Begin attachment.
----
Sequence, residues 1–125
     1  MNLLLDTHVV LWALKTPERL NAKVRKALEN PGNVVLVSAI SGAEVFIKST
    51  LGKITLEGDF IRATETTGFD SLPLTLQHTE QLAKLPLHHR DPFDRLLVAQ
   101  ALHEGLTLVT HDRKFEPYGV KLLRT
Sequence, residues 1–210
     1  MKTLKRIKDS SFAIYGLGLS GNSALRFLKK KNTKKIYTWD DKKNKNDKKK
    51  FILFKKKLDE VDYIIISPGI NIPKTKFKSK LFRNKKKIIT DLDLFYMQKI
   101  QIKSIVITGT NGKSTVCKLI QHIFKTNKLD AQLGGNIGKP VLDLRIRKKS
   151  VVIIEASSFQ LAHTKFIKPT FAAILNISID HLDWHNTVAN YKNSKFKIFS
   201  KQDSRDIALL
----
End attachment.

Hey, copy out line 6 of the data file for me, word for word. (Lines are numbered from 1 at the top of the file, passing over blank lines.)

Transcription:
     1  MKTLKRIKDS SFAIYGLGLS GNSALRFLKK KNTKKIYTWD DKKNKNDKKK